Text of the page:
Different Constituencies Have Their Say On The Interstate Compact Proposal

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Consumer representatives, insurers, trial lawyers and regulators all had their say at a public hearing held by the National Association of Insurance Commissioners last week on an interstate compact proposal for streamlined product filing.

The hearing was initially to have been followed by a vote of the full NAIC body on the proposal. After the hearing, however, Michigan Insurance Commissioner Frank Fitzgerald, who is heading up the NAIC working group on the compact, said a decision on the next step in the process would be made within a few days. (See www.NationalUnderwriter.com for an update.)

The working group has been developing a model draft of an interstate compact for product filing approval that would be in lieu of action by individual state insurance departments.

In concept, insurers, regulators and consumer advocates have supported more streamlined product filing and even a compact structure to implement this.

However, the details of the draft proposal have created divergence and concerns about a filing mechanism that is being described as a new body.

Consumer advocates said lack of representation and questions about compact standards raised serious concerns about the protections that would be afforded consumers.

The American Council of Life Insurers, Washington, noted that it wanted to see consumers protected. But ACLI said it had concerns over the existing draft and unless the language was brought in line with a Sept. 27 draft that its board has formally supported, ACLI would have to reconsider its support.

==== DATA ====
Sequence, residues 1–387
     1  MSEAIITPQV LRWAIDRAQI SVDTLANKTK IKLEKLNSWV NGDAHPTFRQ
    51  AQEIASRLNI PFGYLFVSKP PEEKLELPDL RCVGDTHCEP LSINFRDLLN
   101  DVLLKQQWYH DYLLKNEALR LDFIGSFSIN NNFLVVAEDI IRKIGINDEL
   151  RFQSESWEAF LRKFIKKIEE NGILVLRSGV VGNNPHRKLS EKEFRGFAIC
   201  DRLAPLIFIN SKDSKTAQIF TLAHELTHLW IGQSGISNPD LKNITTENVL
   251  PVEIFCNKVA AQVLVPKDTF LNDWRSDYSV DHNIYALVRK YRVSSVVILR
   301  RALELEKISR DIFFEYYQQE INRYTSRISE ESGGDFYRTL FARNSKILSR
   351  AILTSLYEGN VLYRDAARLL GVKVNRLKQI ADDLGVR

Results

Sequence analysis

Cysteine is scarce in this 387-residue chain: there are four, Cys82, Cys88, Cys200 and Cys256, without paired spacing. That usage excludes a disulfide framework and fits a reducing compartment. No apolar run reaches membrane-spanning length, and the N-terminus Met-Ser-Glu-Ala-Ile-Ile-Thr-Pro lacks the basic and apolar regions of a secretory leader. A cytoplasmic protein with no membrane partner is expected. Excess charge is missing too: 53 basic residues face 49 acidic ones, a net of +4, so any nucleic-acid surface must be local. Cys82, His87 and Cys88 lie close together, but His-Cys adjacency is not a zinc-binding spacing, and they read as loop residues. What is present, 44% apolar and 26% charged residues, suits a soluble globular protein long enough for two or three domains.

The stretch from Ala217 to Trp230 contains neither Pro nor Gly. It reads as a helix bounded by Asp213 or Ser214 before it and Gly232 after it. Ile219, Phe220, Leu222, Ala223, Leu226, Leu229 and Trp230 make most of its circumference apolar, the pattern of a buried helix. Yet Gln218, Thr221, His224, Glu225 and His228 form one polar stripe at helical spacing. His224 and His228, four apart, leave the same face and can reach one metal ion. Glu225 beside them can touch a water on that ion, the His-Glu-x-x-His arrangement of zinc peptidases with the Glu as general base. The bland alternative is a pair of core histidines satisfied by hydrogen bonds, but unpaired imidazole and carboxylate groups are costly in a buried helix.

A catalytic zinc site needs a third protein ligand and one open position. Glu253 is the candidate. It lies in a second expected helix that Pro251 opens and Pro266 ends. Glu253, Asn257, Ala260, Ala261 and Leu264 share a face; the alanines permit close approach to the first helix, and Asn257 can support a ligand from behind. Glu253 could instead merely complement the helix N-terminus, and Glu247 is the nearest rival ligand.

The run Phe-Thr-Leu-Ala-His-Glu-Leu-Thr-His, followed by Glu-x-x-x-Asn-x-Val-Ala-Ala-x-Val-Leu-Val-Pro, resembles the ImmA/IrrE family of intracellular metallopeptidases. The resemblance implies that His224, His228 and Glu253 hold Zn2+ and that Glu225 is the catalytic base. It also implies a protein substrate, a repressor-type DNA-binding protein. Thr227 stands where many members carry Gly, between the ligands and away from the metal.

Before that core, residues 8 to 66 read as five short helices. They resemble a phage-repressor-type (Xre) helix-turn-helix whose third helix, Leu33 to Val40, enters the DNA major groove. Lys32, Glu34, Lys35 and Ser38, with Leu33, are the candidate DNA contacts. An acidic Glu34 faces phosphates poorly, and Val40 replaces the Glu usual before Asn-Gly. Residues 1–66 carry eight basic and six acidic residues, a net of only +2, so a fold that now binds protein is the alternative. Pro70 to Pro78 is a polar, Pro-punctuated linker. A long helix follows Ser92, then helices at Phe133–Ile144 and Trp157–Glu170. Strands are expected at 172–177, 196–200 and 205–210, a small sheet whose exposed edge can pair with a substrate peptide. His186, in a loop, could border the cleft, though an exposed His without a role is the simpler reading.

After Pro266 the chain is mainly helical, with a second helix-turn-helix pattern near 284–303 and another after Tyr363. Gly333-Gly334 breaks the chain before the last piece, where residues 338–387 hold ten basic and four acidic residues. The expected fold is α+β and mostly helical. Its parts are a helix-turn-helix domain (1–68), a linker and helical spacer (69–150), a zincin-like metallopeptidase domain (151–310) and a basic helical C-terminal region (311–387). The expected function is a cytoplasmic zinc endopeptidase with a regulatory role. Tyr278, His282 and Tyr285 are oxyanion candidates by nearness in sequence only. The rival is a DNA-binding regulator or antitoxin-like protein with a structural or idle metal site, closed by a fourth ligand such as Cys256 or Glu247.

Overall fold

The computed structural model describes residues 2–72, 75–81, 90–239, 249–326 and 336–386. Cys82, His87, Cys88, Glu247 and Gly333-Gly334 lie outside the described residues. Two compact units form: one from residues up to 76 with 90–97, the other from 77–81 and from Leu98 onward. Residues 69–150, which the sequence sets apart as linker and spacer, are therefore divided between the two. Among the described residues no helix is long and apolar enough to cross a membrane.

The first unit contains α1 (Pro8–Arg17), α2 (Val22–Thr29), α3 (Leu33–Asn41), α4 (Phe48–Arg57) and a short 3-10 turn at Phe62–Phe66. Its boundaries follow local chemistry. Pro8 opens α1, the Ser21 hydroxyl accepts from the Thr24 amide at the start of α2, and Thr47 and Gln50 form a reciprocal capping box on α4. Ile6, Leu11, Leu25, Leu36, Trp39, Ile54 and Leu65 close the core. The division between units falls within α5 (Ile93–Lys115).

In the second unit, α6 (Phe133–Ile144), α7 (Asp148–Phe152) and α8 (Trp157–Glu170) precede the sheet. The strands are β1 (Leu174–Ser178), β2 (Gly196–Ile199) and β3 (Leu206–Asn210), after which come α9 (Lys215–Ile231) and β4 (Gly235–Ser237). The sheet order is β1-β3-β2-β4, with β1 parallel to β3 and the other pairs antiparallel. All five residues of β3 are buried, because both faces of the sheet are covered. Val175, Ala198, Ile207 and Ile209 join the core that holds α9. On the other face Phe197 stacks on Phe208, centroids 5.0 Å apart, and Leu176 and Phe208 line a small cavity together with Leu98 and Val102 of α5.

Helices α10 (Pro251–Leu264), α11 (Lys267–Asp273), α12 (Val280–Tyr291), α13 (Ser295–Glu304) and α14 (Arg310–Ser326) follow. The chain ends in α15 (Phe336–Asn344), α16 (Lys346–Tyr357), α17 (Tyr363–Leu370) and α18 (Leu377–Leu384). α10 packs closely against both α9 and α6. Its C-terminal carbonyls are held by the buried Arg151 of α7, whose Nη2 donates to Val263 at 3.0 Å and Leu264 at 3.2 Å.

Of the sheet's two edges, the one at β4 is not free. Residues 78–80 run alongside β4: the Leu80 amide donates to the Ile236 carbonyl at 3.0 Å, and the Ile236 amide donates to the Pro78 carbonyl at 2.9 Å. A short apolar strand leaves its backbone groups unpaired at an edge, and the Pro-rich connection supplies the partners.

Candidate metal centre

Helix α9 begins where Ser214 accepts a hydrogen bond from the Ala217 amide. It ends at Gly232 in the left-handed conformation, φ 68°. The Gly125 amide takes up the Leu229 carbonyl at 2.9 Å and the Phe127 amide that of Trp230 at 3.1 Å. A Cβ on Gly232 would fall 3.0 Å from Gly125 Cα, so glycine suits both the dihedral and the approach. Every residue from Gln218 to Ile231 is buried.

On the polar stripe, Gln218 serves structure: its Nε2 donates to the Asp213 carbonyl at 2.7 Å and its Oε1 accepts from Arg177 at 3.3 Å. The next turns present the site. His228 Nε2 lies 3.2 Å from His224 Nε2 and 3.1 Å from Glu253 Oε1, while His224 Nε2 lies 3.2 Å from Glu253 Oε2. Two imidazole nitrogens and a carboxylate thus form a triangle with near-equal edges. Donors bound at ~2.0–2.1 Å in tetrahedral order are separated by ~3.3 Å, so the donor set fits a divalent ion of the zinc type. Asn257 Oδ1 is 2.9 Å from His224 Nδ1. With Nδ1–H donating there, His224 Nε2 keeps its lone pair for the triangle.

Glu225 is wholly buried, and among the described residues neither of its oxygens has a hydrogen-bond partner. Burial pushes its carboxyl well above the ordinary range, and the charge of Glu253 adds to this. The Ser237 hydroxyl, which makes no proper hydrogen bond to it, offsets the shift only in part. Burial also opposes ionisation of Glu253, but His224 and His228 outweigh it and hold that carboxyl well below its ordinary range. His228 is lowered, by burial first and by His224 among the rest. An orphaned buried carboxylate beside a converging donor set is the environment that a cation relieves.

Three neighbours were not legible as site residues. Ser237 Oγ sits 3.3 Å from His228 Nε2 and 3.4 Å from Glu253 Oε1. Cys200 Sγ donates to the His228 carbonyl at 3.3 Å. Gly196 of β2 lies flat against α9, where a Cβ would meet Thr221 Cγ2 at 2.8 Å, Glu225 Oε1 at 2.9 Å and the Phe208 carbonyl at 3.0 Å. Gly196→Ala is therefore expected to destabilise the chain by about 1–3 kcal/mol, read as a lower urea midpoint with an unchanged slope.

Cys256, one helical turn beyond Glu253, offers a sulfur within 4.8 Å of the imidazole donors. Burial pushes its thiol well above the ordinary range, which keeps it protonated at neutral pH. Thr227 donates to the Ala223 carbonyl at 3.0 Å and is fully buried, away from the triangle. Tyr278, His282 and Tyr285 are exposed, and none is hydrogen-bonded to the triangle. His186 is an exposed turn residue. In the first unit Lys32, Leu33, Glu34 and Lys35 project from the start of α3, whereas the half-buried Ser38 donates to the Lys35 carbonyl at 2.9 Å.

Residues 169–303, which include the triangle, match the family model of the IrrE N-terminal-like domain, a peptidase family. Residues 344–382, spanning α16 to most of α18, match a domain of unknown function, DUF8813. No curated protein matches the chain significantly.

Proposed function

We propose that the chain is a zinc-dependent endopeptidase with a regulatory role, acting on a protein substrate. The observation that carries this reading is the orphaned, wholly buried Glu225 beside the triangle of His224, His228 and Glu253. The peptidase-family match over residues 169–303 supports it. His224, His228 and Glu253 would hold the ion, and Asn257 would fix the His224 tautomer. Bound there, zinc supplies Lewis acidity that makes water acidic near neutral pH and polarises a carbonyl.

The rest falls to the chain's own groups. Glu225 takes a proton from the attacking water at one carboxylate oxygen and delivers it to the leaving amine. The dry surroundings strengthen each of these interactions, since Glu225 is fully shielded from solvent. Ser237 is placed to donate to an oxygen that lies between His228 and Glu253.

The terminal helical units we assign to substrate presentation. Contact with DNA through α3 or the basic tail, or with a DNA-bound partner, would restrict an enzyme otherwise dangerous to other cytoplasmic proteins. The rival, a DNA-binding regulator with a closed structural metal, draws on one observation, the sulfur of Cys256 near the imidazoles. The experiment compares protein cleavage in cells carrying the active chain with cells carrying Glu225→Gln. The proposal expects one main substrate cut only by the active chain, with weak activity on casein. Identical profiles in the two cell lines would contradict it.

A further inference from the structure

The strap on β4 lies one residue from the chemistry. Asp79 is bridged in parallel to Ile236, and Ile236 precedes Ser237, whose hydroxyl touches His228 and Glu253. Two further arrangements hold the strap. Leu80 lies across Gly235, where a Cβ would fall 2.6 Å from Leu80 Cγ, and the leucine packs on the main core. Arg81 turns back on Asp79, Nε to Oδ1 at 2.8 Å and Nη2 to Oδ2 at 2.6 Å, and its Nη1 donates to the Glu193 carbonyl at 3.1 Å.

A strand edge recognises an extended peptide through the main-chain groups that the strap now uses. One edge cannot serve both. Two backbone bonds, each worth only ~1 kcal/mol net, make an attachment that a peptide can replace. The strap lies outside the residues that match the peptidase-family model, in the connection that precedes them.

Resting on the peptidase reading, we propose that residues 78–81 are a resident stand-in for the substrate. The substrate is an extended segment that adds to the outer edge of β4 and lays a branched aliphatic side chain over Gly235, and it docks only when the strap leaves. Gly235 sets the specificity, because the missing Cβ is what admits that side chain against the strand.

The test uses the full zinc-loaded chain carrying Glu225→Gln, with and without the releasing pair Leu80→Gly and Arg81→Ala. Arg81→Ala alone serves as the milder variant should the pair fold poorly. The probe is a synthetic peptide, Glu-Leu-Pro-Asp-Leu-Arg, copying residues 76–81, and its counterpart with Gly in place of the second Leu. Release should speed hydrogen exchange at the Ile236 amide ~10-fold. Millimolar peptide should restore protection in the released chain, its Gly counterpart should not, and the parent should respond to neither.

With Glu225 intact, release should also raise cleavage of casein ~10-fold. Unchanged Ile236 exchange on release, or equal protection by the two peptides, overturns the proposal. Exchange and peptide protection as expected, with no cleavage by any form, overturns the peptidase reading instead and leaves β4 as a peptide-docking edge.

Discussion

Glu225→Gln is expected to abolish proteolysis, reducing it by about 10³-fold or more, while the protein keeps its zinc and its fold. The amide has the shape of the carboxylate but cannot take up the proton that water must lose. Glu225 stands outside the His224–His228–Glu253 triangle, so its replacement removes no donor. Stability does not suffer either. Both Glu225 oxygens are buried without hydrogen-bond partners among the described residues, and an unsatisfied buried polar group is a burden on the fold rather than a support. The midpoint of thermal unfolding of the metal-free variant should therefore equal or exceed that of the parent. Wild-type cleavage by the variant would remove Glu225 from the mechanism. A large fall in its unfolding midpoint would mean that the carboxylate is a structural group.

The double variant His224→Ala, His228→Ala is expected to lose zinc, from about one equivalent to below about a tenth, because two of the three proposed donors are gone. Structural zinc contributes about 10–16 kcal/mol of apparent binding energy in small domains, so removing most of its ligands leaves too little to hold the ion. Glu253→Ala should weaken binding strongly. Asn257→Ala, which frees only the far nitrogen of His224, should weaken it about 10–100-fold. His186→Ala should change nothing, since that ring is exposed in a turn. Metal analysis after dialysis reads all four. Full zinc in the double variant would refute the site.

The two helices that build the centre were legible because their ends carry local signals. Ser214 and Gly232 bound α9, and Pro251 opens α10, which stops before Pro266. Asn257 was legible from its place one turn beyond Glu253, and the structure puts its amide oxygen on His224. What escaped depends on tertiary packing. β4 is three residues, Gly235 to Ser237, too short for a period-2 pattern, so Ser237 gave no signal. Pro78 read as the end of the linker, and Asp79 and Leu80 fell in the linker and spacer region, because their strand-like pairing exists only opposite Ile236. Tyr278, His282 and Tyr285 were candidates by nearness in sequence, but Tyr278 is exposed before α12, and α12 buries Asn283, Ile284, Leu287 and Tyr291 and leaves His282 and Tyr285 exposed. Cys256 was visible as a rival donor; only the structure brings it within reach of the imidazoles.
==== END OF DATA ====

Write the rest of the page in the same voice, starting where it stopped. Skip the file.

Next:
The strength of standards for long-term care insurance was raised by Bonnie Burns, an NAIC funded consumer and director of consumer education with California Health Advocates, Scotts Valley, Calif.

LTCI is intended to stay in place for all of a policyholders life and to be in place if that contract holder is no longer insurable, she said.

Consequently, the “highest possible standard” needs to be in place, she said, adding that the NAIC model that would be used as the compacts standard is five to seven years behind standards in states like California.

Burns also said that during the drafts development, concern was raised that if states could opt out of the compact too easily on particular product lines, uniformity would be hurt. But, she continued, little mention has been made about the right of a company to opt out of the compact and file with a state instead.

Alice Weiss, director of health policy with the National Partnership for Women and Families, Washington, said women and their families could be hurt if more thought was not given to the final form of the compact.

Some “critical flaws,” according to Weiss, could impact women who have ailing parents, spouses or children who need high quality long-term care products or who often outlive spouses and depend on strong standards for life insurance products.

Brendan Bridgeland, director with the Center for Insurance Research, Cambridge, Mass., raised concern over what he said was an expansion of the compacts duties as evidenced by an amended title to cover product regulation and not just product approval.